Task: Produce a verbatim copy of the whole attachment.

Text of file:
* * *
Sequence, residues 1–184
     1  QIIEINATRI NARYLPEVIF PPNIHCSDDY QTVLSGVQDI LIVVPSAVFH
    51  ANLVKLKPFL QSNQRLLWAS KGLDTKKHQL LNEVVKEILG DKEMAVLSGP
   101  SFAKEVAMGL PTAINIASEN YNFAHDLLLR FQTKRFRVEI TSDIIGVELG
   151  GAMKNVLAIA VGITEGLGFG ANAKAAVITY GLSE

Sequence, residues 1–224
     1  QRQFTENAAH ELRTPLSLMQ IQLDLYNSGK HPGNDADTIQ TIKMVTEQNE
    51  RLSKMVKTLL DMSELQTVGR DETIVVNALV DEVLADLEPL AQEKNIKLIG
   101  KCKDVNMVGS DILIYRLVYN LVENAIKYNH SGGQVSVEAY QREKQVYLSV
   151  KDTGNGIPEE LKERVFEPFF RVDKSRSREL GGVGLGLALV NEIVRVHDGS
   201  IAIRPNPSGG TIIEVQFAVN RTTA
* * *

Sequence, residues 1–184
     1  QIIEINATRI NARYLPEVIF PPNIHCSDDY QTVLSGVQDI LIVVPSAVFH
    51  ANLVKLKPFL QSNQRLLWAS KGLDTKKHQL LNEVVKEILG DKEMAVLSGP
   101  SFAKEVAMGL PTAINIASEN YNFAHDLLLR FQTKRFRVEI TSDIIGVELG
   151  GAMKNVLAIA VGITEGLGFG ANAKAAVITY GLSE

Sequence, residues 1–224
     1  QRQFTENAAH ELRTPLSLMQ IQLDLYNSGK HPGNDADTIQ TIKMVTEQNE
    51  RLSKMVKTLL DMSELQTVGR DETIVVNALV DEVLADLEPL AQEKNIKLIG
   101  KCKDVNMVGS DILIYRLVYN LVENAIKYNH SGGQVSVEAY QREKQVYLSV
   151  KDTGNGIPEE LKERVFEPFF RVDKSRSREL GGVGLGLALV NEIVRVHDGS
   201  IAIRPNPSGG TIIEVQFAVN RTTA